World markets take a tumble after president's attack on Fed
Japanese stocks plunged yesterday and other Asian markets declined following heavy Wall Street losses triggered by President Donald Trump's criticism of the US central bank.
The Nikkei 225 fell by an unusually wide margin of 5pc to 19,155.14. The Shanghai Composite Index ended off 0.9pc at 2,504.82 after being down as much as 2.3pc at midday. Benchmarks in Thailand and Taiwan also declined.
Markets in Europe, Hong Kong, Australia and South Korea were closed for Christmas Day. Wall Street indexes fell more than 2pc on Christmas Eve after Mr Trump said on Twitter the Federal Reserve was the US economy's "only problem".
Efforts by Treasury Secretary Steven Mnuchin to calm investor fears only seemed to make matters worse.
US stocks are on track for their worst December in almost 90 years, since 1931 during the Great Depression.
Shanghai is down almost 25pc this year. Tokyo, Hong Kong and other markets are on track to end 2018 down more than 10pc.
Markets have been roiled by concerns about a slowing global economy, the US-Chinese tariff battle and another interest rate increase by the Fed.
Mr Trump's Monday morning tweet heightened fears about the economy being destabilised by a president who wants control over the Fed.
Its board members are nominated by the president but make decisions independently of the White House. The board's chairman, Jerome Powell, was nominated by Mr Trump last year.
"The only problem our economy has is the Fed," the president said on Twitter. "They don't have a feel for the Market, they don't understand necessary Trade Wars or Strong Dollars or even Democrat Shutdowns over Borders. The Fed is like a powerful golfer who can't score because he has no touch - he can't putt!"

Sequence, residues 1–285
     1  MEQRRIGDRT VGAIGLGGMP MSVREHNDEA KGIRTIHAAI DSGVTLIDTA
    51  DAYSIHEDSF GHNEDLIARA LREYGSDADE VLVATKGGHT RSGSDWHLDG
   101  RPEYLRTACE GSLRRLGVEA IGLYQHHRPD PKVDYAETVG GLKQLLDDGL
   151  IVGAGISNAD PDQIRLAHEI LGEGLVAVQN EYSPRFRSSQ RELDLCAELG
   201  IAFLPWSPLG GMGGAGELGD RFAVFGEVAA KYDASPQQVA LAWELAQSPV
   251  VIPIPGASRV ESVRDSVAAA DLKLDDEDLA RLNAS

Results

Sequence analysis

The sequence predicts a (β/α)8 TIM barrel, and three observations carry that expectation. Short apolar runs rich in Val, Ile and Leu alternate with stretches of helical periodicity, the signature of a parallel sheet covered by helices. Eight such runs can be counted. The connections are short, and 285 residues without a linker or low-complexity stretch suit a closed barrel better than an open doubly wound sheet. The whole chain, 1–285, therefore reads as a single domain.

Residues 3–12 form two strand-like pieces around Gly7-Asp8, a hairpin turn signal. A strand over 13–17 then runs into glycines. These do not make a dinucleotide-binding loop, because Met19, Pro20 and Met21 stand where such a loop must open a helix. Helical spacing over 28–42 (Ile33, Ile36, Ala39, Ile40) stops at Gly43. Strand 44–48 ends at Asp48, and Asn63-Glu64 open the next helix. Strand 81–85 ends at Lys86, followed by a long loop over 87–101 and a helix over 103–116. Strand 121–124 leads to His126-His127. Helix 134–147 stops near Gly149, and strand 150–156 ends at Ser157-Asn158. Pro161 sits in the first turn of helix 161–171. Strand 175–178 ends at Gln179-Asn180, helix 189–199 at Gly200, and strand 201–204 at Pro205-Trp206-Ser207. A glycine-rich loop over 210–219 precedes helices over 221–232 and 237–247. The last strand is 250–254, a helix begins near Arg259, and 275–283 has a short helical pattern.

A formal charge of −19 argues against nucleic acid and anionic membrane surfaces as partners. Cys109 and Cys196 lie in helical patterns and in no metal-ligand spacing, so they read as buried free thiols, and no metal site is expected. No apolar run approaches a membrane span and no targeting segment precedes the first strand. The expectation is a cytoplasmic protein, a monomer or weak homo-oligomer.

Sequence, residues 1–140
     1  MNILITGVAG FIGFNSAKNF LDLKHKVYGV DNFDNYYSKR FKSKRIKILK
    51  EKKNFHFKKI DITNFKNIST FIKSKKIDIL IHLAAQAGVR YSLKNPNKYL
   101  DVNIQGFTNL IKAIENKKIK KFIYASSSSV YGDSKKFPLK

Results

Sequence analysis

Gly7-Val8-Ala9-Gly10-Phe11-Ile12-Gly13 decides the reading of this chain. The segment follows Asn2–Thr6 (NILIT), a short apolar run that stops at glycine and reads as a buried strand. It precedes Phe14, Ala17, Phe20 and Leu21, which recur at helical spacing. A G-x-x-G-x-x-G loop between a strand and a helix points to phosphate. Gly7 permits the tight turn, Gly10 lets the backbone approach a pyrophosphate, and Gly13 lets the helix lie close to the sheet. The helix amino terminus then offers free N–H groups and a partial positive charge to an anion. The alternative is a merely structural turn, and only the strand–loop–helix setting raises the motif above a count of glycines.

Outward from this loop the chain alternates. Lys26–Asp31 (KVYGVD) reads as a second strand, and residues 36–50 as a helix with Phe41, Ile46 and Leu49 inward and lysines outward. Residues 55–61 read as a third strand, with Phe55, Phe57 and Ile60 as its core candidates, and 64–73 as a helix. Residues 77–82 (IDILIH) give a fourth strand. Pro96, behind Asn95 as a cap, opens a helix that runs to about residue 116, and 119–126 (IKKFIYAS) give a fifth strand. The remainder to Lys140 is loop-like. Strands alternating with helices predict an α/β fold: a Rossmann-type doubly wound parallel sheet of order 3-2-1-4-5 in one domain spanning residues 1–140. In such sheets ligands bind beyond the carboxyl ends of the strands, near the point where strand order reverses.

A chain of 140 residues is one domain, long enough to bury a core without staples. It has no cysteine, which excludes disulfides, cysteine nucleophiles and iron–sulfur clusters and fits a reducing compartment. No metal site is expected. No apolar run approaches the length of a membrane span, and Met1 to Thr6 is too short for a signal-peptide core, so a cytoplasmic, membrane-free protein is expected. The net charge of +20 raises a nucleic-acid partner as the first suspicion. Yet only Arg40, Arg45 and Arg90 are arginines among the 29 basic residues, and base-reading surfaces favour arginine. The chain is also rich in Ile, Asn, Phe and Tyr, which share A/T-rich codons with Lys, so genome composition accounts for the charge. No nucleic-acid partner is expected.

The Standard & Poor's 500 index slid 2.7pc. The benchmark index is down 19.8pc from its peak on September 20, close to the 20pc drop that would officially mean the end of the longest bull market for stocks in modern history - a run of nearly 10 years.
The Dow Jones Industrial Average sank 2.9pc, while the Nasdaq skidded 2.2pc.
On Sunday, Mr Mnuchin made a round of calls to the heads of the six largest US banks, but the move only raised new concerns about the economy.
Most economists expect US economic growth to slow in 2019, not slide into a full-blown recession. But the president has voiced his anger over the Fed's decision to raise its key short-term rate four times in 2018. That is intended to prevent the economy from overheating.
Technology stocks, health care companies and banks took some of the heaviest losses in Monday's sell-off. Wells Fargo slid 3.4pc, Microsoft 4.2pc and Johnson & Johnson 4.1pc.
US markets reopen today.